Prémio Pessoa is one of the most prestigious awards delivered in Portugal, being attributed yearly to a “Portuguese personality that has distinguished him or herself in the artistic, literary or scientific fields”. This year, the jury has honored the architect João Luís Carrilho da Graça for his work of great clarity and coherence and his contributions to the formation of young architects. This prize is named after the famous Portuguese poet Fernando Pessoa.

João Luís Carrilho da Graça: Théâtre & Auditorium, Poitiers. Image credits: Fernando Guerra.

João Luís Carrilho da Graça: Oriente Museum, Lisbon. Image credits: Fernando Guerra.

João Luís Carrilho da Graça: Church in Portalegre. Image credits: Fernando Guerra.

João Luís Carrilho da Graça: School of Music, Lisbon. Image credits: Fernando Guerra.

So everybody’s on Twitter these days, and I do mean everybody! From Darth Vader to Frank Lloyd Wright, that’s where the action’s happening. Let’s face it, Mr. Lloyd is even using Tweetie, meaning he’s carrying an iPhone. That’s just beyond postmodern…

Well, I’ve been experimenting Twitter these days with seriously mixed feelings. This micro-blogging stuff had me puzzled for a while, but as it turns out it seems pretty clever. Twitter has a 140 character limit for every post, meaning it’s all about sharp shooting. No elaborations, just punch lines. Seems pretty straightforward but it gets a bit tricky when you start wondering what you plan to do with it [10 Twitter Agendas – What’s yours?]. Now some people [Twitter is going to die] say it’s best if you stick with your friends, others [Using Twitter… ‘The Smart Way’] say you should strategize for world domination. Don’t know about that. I’ll think I’ll try getting a Tupperware Party started while I get my bearings…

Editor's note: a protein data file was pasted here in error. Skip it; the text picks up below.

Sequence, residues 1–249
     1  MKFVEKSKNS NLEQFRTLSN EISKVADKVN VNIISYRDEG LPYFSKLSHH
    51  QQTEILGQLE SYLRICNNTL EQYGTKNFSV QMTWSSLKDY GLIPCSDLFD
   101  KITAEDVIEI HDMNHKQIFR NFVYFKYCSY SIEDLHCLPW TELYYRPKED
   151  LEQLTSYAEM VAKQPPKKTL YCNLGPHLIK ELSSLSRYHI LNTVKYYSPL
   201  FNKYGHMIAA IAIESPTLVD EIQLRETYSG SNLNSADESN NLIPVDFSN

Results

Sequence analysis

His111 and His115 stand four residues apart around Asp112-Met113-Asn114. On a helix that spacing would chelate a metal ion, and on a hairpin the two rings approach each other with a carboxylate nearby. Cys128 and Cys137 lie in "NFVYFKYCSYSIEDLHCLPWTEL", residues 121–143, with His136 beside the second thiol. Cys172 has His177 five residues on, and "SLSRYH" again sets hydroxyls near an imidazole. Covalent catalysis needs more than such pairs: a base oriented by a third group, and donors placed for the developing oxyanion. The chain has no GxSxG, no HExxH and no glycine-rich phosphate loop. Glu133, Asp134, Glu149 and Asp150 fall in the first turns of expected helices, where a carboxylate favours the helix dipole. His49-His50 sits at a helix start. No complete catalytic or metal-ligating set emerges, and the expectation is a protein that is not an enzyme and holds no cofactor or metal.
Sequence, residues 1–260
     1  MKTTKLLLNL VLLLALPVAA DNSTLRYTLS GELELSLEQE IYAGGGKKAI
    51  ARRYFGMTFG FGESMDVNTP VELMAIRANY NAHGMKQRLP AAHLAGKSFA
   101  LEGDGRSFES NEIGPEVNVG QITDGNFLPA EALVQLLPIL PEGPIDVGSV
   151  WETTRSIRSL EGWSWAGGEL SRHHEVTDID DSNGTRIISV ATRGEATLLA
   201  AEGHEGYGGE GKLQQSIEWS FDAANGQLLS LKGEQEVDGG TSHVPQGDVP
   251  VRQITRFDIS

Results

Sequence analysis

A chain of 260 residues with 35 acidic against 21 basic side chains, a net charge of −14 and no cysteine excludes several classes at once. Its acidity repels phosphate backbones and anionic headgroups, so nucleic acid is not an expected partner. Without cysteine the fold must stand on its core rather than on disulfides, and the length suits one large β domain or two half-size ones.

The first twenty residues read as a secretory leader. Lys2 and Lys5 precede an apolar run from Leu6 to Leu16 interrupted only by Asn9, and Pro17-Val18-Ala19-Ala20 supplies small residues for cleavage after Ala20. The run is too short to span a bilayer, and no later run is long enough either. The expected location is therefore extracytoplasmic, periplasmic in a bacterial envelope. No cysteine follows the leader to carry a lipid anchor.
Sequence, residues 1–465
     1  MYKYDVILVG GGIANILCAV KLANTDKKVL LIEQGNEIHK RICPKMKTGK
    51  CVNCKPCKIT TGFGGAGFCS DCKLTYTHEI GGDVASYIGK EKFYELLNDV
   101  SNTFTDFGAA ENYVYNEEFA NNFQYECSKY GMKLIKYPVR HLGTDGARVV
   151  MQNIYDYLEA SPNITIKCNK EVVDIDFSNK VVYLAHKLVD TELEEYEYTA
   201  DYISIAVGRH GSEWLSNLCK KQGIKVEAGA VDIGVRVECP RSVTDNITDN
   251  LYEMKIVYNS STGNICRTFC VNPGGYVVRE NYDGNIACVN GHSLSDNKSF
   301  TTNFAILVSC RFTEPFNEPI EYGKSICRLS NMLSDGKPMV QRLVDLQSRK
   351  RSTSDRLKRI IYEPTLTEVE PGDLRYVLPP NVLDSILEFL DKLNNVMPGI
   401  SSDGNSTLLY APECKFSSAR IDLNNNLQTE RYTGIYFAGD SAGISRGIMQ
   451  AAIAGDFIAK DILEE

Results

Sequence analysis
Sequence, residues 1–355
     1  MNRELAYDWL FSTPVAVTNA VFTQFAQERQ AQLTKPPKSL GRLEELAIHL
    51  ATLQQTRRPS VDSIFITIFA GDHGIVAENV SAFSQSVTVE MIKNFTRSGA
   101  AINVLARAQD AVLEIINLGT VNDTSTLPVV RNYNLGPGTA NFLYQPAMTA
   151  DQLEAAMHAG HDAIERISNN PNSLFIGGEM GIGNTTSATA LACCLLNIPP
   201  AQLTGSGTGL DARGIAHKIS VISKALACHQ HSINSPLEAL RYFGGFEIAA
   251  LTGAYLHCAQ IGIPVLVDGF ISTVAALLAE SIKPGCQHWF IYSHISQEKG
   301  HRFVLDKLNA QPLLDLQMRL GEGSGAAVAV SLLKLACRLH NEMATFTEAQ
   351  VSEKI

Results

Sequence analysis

Vincent Van Gogh meets Counter-Strike. I don’t think he would approve the machine gun though… Via Capítulo 0.

Image credits: David Hobcote, via IconEye.

The Ruins Of The Future is an interesting article by Sam Jacob on StrangeHarvest. The global uncertainty generated by the current economic crisis has exposed the ideological placelessness of the grand architecture being practiced in certain emerging economies.
As much as we may only speculate about how these urban settings will survive the aftermath of the post-oil economy, it seems reasonable to believe that these architectural manifestations will retain their timelessness through monumentality and fluid exoticism. And still, there’s something disquieting and dystopic about it, as this timeless quality appears not as a measure of perennity but of detachment. An architecture disconnected, whose true distinction lies in its absence to belong to a particular time and place. It’s the ultimate representational architecture, a tribute to abstract economic power without precedent in history. These may well be the long-lasting ruins of globalization.

This Is Where We Live. Books come to life in this wonderful stop-motion video created by Apt Studio, celebrating the 25th anniversary of Fourth Estate, a branch of Harper Collins book publishers. Via Coudal.

UPDATED: Talk about bad timing. Those nice folks at Google have just decided to update the Reader interface quite radically, so Helvetireader is no longer working as it should. The official recommendation is to disable the style until Hr is updated for the new Google Reader. Life’s too fast on the web I guess…

Can’t live without Google Reader but you’re getting tired of that old-fashioned default theme? Well, if you’re a Firefox user you can bling it up with Helvetireader. Installation is pretty straightforward but please read the instructions as you’ll need to have the Firefox plug-in Greasemonkey activated. Via Swissmiss.